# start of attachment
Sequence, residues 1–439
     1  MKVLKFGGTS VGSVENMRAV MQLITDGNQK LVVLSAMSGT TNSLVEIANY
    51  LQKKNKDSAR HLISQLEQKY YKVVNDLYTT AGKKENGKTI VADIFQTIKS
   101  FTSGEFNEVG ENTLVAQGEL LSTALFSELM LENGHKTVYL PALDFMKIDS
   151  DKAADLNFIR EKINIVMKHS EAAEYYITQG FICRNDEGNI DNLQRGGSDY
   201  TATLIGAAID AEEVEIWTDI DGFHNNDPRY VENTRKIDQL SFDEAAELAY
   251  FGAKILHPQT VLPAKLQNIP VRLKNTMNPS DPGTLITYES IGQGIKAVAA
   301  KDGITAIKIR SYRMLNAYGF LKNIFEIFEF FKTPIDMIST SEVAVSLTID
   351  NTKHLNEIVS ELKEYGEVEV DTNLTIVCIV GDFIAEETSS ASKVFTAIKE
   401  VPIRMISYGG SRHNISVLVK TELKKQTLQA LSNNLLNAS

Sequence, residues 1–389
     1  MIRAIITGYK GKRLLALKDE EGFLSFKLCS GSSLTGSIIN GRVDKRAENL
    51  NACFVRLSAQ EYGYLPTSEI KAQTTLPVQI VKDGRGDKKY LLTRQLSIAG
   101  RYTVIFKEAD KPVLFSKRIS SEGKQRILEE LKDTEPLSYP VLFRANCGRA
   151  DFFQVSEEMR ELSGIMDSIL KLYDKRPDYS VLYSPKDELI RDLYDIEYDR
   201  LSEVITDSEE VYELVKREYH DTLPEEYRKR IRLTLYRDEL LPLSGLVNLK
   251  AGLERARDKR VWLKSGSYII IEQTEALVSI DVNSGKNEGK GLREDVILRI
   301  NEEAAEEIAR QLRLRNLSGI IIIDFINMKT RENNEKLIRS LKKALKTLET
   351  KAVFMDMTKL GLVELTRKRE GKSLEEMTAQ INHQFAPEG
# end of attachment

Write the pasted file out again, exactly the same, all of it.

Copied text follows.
Sequence, residues 1–439
     1  MKVLKFGGTS VGSVENMRAV MQLITDGNQK LVVLSAMSGT TNSLVEIANY
    51  LQKKNKDSAR HLISQLEQKY YKVVNDLYTT AGKKENGKTI VADIFQTIKS
   101  FTSGEFNEVG ENTLVAQGEL LSTALFSELM LENGHKTVYL PALDFMKIDS
   151  DKAADLNFIR EKINIVMKHS EAAEYYITQG FICRNDEGNI DNLQRGGSDY
   201  TATLIGAAID AEEVEIWTDI DGFHNNDPRY VENTRKIDQL SFDEAAELAY
   251  FGAKILHPQT VLPAKLQNIP VRLKNTMNPS DPGTLITYES IGQGIKAVAA
   301  KDGITAIKIR SYRMLNAYGF LKNIFEIFEF FKTPIDMIST SEVAVSLTID
   351  NTKHLNEIVS ELKEYGEVEV DTNLTIVCIV GDFIAEETSS ASKVFTAIKE
   401  VPIRMISYGG SRHNISVLVK TELKKQTLQA LSNNLLNAS

Sequence, residues 1–389
     1  MIRAIITGYK GKRLLALKDE EGFLSFKLCS GSSLTGSIIN GRVDKRAENL
    51  NACFVRLSAQ EYGYLPTSEI KAQTTLPVQI VKDGRGDKKY LLTRQLSIAG
   101  RYTVIFKEAD KPVLFSKRIS SEGKQRILEE LKDTEPLSYP VLFRANCGRA
   151  DFFQVSEEMR ELSGIMDSIL KLYDKRPDYS VLYSPKDELI RDLYDIEYDR
   201  LSEVITDSEE VYELVKREYH DTLPEEYRKR IRLTLYRDEL LPLSGLVNLK
   251  AGLERARDKR VWLKSGSYII IEQTEALVSI DVNSGKNEGK GLREDVILRI
   301  NEEAAEEIAR QLRLRNLSGI IIIDFINMKT RENNEKLIRS LKKALKTLET
   351  KAVFMDMTKL GLVELTRKRE GKSLEEMTAQ INHQFAPEG